Is there such a thing as bad publicity in the age of social media?
Sportswear giant Nike obviously think not given their actions this week in signing sprinter Justin Gatlin to a new sponsorship deal. Maybe they thought the world would miss the announcement as they cried into their coco-pops over Zayn Malik leaving One Direction. Maybe they thought Middle England would still be mourning the loss of Jeremy Clarkson to actually care that they want to sponsor someone most people have never heard of.
If you don’t know who Gatlin is, he’s a world class sprinter who according to the latest data projections this week will win the 100m gold ahead of Usain Bolt at the next Athletics world championships and possibly the Rio Olympics. He’s also served two bans for drugs, yes you read that correctly. Not one but two. Third chances anyone? Nike obviously think so.
Now I can see the attraction, he was the fastest man on the planet in 2014. That in itself makes good business sense, and lets be clear Nike is a business. He’ll race in their gear, he’ll get exposure on television when he crosses that finish line with a little swoosh on his chest. As a business what’s not to like about that?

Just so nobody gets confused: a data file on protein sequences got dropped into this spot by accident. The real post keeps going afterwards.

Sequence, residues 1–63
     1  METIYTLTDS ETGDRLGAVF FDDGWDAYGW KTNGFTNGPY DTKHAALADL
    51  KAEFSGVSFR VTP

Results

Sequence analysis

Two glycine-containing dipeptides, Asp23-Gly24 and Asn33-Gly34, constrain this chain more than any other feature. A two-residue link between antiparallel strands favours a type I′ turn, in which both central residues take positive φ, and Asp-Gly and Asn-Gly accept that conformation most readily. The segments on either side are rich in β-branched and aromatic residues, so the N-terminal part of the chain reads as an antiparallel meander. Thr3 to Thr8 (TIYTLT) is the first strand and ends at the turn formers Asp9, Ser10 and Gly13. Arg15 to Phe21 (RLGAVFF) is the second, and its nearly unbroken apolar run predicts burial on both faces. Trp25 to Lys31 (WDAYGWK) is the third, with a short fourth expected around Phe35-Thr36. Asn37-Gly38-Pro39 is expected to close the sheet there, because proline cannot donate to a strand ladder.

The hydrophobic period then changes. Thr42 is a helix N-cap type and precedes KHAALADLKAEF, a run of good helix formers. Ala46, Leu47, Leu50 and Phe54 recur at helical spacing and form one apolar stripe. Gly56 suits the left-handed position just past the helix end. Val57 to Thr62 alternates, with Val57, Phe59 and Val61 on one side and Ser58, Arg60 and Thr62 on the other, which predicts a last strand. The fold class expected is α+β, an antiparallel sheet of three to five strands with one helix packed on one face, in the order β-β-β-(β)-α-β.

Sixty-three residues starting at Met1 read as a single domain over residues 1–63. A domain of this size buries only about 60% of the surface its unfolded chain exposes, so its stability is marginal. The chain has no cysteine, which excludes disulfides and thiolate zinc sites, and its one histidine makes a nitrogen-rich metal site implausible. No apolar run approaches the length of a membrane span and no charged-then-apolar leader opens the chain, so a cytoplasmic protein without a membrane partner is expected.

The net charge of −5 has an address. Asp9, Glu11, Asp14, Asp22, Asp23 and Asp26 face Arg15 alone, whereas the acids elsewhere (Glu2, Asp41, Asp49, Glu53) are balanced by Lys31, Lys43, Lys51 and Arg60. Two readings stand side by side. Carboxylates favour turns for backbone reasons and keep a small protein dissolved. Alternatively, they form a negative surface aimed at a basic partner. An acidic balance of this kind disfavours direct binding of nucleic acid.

Should we really be surprised by a company that has a long association with drugs cheats, prostitute users, and convicted dog fight organisers all of whom retained sponsorship or had it reinstated once they returned to sport after prison and bans. They did however balk at the child molester and convicted killer and removed them from their roster.
The problem may lie in the psyche of the “Go USA” crowd, the average Budweiser drinking hard working consumer, that goes to the store and buys Nike. They won’t care what Gatlin has done, hey he’s served his time and if he wins when he’s ‘clean’ then this fantastic story of sporting redemption is complete. After all athletes are human, humans make mistakes, some even do it twice. The outrage from the rest of the world that is being seen on social media will be gone in a couple of days, Gatlin will likely win this weekend in Texas, he’ll be on US tv front and centre and somewhere in Oregon a Nike executive will smile in justification. Somewhere in Iowa, Johannesburg, Melbourne, Paris, Bangkok another pair of Nike running shoes will be sold and the world will keep turning.
Sport is fighting a losing battle with drugs, athletics more than most. This decision by one of the sports major sponsors is awful. The athletics fraternity is outraged but that fraternity makes up only a tiny percentage of Nikes customer base. And this story has barely registered anywhere other than online.
Does Nike have a moral right to inspire our children, to promote role models and sporting hero’s that they can aspire to emulate? Do their ambassadors need to stand tall and good? Obviously not, Nike has sent a message to everyone – it’s ok to cheat, if you are world class we will reward you. Granted Gatlin may be world class but he and his sponsor certainly have no class anymore.
Just Dope it.